"derivative" works put TSR's ownership of certain copyrights at 
risk. Netizens **didn't** quite buy that explanation. Id 
Software doesn't stop people from trading home-brewed additions 
to its Doom and Quake games. Wizards of the Coast, makers of 
the highly successful Magic: The Gathering card game (aka 
Magic: The Addiction), didn't seem to be chasing down users 
putting up pages featuring rules modifications.

Many suspected TSR, which was no longer in the hands of its 
founder Gary Gygax and had gone "corporate" in a big way, 
simply wanted to shake down gamers. Some felt TSR was afraid 
"amateur" authors would offer works superior to TSR's 
increasingly diluted product line. Others suggested the company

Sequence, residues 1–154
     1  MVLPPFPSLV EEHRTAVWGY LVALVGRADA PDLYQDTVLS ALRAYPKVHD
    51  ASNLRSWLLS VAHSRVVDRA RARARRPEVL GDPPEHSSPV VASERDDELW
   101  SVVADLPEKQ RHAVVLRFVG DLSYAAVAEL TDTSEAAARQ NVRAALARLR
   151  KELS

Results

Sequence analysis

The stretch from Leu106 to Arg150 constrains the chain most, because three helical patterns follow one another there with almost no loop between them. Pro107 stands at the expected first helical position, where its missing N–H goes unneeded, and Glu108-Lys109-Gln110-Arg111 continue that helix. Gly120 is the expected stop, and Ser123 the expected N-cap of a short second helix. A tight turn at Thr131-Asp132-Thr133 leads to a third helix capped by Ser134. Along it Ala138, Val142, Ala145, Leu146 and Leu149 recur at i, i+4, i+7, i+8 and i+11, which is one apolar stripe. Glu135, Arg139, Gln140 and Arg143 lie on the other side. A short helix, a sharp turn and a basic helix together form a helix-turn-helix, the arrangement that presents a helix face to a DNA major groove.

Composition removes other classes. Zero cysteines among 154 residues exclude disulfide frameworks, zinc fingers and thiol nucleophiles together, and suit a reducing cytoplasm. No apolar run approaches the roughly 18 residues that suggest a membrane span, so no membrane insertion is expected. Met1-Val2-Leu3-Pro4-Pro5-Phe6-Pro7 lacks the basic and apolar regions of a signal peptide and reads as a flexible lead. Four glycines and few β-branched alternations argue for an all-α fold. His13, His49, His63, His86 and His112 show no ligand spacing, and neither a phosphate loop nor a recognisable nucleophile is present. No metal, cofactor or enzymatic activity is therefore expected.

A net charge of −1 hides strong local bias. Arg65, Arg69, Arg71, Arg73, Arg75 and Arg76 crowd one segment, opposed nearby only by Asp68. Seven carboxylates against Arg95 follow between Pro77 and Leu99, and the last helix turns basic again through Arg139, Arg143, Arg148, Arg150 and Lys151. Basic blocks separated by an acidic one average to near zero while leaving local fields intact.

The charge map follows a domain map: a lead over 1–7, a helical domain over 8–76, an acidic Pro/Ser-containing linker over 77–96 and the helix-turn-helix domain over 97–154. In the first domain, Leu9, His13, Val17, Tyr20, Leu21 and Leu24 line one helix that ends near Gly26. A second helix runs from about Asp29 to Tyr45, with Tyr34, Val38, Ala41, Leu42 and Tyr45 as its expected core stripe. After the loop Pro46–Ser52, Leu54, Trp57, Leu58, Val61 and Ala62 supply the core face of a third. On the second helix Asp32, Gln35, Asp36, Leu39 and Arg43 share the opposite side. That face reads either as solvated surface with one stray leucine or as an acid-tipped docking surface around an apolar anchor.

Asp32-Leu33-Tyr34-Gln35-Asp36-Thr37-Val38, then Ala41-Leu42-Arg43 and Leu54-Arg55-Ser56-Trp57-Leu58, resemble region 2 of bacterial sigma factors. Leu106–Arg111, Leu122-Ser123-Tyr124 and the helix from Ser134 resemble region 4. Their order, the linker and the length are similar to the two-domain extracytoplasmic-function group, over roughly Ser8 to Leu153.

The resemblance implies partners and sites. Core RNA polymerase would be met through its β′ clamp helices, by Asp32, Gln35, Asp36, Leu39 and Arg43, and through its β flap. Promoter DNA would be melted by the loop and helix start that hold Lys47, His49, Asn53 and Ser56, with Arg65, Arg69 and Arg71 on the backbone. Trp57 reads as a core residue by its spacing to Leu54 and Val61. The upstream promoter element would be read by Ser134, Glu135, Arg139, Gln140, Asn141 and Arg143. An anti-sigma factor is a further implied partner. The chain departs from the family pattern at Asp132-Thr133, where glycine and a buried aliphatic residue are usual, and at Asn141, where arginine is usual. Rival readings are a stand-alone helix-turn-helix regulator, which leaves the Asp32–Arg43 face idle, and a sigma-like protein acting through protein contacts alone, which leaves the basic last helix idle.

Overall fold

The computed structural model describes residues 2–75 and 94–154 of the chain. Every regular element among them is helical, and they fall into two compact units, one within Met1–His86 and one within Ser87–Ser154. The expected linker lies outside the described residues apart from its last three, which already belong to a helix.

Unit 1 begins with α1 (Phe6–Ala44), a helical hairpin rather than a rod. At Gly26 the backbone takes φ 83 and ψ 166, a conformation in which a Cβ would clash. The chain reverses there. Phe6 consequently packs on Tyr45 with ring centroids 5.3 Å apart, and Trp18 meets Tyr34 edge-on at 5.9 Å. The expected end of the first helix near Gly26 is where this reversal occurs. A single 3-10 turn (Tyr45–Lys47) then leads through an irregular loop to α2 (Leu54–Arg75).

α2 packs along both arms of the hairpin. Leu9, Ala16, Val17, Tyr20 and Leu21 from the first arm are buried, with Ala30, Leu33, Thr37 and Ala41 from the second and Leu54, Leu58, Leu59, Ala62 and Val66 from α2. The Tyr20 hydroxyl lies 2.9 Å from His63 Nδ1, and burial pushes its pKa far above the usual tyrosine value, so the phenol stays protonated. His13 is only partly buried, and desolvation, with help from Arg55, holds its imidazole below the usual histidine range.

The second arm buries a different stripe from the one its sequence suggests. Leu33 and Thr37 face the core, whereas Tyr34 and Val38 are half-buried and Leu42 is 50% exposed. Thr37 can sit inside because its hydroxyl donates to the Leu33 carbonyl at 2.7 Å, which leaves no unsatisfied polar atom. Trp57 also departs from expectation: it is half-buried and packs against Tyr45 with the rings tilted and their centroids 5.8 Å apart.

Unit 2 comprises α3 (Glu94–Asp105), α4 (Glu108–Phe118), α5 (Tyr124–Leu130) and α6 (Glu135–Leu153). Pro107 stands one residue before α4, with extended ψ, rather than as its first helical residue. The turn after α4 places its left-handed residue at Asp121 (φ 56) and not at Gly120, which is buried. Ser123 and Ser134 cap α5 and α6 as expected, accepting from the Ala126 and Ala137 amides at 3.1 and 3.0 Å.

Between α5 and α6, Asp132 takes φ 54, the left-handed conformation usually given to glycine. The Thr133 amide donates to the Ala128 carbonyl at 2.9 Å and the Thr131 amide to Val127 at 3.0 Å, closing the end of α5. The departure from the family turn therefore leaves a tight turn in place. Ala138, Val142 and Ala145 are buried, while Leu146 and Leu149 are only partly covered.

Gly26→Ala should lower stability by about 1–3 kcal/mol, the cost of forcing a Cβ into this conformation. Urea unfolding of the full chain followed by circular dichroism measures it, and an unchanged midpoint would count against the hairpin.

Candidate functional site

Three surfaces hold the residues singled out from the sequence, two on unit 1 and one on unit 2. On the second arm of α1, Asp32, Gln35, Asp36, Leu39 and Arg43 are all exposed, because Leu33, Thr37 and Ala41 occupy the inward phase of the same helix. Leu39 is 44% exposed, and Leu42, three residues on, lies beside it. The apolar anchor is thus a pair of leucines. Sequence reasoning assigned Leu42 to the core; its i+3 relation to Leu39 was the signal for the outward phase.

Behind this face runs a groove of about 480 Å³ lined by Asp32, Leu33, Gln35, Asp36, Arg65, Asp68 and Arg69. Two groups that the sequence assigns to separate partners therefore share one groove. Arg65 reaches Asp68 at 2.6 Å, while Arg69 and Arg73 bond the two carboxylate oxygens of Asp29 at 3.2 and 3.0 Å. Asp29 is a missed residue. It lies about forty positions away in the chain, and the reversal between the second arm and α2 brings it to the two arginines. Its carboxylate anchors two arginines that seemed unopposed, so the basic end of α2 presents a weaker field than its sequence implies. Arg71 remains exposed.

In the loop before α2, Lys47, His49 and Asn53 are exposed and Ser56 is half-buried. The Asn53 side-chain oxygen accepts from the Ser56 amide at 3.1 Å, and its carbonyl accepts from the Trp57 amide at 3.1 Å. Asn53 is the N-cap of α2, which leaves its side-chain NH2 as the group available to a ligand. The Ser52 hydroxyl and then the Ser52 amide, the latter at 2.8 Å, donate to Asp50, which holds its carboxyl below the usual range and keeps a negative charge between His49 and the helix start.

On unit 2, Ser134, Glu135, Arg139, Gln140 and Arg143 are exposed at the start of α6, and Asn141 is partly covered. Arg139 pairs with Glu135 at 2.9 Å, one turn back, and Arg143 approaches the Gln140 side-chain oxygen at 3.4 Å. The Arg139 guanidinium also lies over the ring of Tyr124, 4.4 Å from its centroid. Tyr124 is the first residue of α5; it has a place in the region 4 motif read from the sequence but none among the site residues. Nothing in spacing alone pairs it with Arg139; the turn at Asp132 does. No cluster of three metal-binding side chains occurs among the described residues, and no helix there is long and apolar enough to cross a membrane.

wasn't so much out to protect current copyrights but future 
copyrights. Movie companies return all unsolicited manuscripts 
unopened to maintain plausible denial should they be sued for 
theft of intellectual property rights. TSR, with a demonstrable 
net presence, would have a harder time arguing such ignorance. 
It's not too hard to image a corporate lawyer suggesting TSR 
risked a lawsuit every time it published a module because 
someone had publish something similar via a web page.

Users miffed by TSR's action called for a boycott and 
questioned whether or not TSR had a legal right to put the 
kibosh on netizens distributing derivative works. After all, 
the game is unplayable if one cannot distribute works using 
trademarked terms. TSR representatives online counter argued 
that there was a difference between playing the game by sharing 
works with few close friends and distributing works to anyone 
and everyone on the net. Netizens retorted that sharing these 
works was simply a new facet of "playing" the game. So who the 
hell was TSR to tell people how they should play?

A lot of debate about trademark law passed back and forth on 
the net, but gamers eventually had to admit that they didn't